MILWAUKEE — A proposed state bill would let Milwaukee become the first Wisconsin municipality to employ automated traffic enforcement, a controversial measure that is currently illegal in Wisconsin and has found middling results in other American cities that employ it.
The bipartisan bill, first read in the Assembly on Aug. 12 and in the state Senate on Sept. 5, would allot the city a trial period of five years to place cameras at signaled intersections and other roadways to automatically enforce speed-limit and red-light violations by sending vehicle owners citations in the mail.
The bill, dubbed “Safe Roads Save Lives Legislation,” is currently in the Senate’s Committee on Judiciary and Public Safety and the Assembly’s Committee on Local Government.
Sponsoring the measure are state Sens. LaTonya Johnson, D-Milwaukee, Kathleen Bernier, R-Chippewa Falls, and Tim Carpenter, D-Milwaukee; and 19 state representatives, including David Crowley, D-Milwaukee, Todd Novak, R-Dodgeville, Ron Tusler, R-Harrison, and Shelia Stubbs, D-Madison.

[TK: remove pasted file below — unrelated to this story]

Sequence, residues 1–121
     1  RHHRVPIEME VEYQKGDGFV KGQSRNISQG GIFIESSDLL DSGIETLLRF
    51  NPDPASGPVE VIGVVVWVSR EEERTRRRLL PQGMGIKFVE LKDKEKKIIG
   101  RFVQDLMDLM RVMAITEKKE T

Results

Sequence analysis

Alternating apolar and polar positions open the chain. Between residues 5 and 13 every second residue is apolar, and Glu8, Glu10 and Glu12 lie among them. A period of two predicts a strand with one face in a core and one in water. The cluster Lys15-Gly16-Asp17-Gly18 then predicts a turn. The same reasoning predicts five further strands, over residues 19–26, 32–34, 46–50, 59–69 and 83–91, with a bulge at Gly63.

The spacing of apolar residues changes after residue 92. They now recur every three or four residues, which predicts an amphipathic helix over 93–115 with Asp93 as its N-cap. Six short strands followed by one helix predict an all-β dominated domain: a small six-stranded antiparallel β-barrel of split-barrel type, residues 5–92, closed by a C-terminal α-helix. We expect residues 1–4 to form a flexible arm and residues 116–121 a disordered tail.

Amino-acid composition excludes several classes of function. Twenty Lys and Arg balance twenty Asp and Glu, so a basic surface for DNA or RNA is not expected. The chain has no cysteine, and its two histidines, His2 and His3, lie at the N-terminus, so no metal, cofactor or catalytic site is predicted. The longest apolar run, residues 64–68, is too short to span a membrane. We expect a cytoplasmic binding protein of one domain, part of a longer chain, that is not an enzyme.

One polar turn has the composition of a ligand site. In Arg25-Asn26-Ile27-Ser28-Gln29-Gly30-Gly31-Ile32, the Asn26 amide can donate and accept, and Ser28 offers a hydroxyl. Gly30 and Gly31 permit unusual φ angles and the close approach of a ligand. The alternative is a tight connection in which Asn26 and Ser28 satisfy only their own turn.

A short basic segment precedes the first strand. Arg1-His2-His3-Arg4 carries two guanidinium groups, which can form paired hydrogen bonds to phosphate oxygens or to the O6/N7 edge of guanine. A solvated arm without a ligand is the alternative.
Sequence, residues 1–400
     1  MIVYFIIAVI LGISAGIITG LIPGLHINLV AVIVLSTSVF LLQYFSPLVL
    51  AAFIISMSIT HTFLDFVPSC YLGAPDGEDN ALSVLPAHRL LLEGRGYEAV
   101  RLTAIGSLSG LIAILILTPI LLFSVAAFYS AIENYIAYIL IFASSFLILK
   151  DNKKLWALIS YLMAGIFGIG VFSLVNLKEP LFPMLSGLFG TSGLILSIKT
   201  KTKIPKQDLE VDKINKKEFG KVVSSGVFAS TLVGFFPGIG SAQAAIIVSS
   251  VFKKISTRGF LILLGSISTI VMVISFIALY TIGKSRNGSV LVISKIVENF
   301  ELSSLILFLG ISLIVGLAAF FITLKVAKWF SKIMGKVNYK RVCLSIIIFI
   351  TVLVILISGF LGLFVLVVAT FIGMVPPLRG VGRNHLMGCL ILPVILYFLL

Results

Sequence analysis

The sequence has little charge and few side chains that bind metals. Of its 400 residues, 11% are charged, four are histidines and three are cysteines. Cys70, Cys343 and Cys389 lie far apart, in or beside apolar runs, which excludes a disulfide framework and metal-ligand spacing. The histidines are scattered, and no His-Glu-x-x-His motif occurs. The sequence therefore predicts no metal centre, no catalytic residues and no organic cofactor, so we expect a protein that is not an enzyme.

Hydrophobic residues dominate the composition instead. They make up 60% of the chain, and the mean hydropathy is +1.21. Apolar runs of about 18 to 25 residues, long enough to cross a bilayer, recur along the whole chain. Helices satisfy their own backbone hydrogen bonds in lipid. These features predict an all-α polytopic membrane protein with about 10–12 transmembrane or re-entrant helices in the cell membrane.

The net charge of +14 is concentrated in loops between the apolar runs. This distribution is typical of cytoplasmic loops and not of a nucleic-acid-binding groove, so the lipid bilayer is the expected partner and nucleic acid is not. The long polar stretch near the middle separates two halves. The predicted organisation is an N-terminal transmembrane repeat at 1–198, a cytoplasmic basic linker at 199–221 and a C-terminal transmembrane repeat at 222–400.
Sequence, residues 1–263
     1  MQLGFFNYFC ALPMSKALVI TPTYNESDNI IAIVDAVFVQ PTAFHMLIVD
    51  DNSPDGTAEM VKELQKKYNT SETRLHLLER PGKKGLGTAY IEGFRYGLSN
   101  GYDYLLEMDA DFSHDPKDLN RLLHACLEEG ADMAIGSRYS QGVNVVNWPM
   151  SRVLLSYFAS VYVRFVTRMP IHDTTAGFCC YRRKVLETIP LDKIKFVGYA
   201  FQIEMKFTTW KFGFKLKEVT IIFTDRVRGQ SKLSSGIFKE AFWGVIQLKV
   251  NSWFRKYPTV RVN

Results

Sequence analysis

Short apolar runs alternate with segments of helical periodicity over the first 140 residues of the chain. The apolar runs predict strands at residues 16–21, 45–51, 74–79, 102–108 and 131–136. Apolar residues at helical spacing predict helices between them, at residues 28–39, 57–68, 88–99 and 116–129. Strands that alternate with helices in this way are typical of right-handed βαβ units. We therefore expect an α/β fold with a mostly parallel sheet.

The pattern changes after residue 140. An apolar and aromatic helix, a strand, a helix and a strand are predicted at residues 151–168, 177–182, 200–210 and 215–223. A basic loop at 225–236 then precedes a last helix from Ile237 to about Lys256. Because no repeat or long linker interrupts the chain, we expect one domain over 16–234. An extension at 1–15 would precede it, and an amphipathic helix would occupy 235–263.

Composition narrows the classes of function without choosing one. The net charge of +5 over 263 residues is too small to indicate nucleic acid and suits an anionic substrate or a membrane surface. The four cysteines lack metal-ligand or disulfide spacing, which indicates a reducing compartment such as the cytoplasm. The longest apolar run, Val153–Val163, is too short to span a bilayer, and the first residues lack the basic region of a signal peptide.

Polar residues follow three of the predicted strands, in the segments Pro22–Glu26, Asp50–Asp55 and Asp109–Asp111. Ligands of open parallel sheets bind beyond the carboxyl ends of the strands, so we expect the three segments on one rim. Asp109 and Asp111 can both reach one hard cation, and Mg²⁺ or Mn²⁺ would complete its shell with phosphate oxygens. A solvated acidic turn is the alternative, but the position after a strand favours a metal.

“Excessive speeding, red light running and disregarded traffic rules has created unsafe roads throughout our city,” the co-sponsors wrote in a joint statement. “As a community, we deserve to feel safe on our roads.”
Many cities across the country, such as Chicago, have implemented automated enforcement but discontinued use after troubles including legal challenges.
Automated enforcement has been shown to decrease speed by 1% to 15% and crashes by 8% to 49%, according to the Centers for Disease Control. The University of Wisconsin’s Population Health Institute says “there is strong evidence” that automated enforcement increases traffic safety.
However, researchers from Case Western Reserve University and the University of Arizona found in 2017 that “the cameras changed the composition of accidents, but (there was) no evidence of a reduction in total accidents or injuries.”
Kenosha County Sheriff David Beth and traffic-safety expert David Noyce told The Journal Times last month that they supported such measures to curb Interstate 94 crashes during the current construction.